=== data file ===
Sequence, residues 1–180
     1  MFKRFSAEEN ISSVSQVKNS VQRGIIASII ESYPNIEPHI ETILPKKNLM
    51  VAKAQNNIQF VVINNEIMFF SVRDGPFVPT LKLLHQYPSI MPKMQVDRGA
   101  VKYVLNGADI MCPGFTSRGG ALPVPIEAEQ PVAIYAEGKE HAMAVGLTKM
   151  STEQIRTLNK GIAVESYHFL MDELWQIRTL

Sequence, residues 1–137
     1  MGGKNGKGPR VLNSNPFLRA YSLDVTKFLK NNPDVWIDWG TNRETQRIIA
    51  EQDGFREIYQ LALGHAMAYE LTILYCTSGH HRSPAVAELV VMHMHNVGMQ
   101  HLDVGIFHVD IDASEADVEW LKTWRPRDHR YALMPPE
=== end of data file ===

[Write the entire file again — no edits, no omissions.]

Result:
Sequence, residues 1–180
     1  MFKRFSAEEN ISSVSQVKNS VQRGIIASII ESYPNIEPHI ETILPKKNLM
    51  VAKAQNNIQF VVINNEIMFF SVRDGPFVPT LKLLHQYPSI MPKMQVDRGA
   101  VKYVLNGADI MCPGFTSRGG ALPVPIEAEQ PVAIYAEGKE HAMAVGLTKM
   151  STEQIRTLNK GIAVESYHFL MDELWQIRTL

Sequence, residues 1–137
     1  MGGKNGKGPR VLNSNPFLRA YSLDVTKFLK NNPDVWIDWG TNRETQRIIA
    51  EQDGFREIYQ LALGHAMAYE LTILYCTSGH HRSPAVAELV VMHMHNVGMQ
   101  HLDVGIFHVD IDASEADVEW LKTWRPRDHR YALMPPE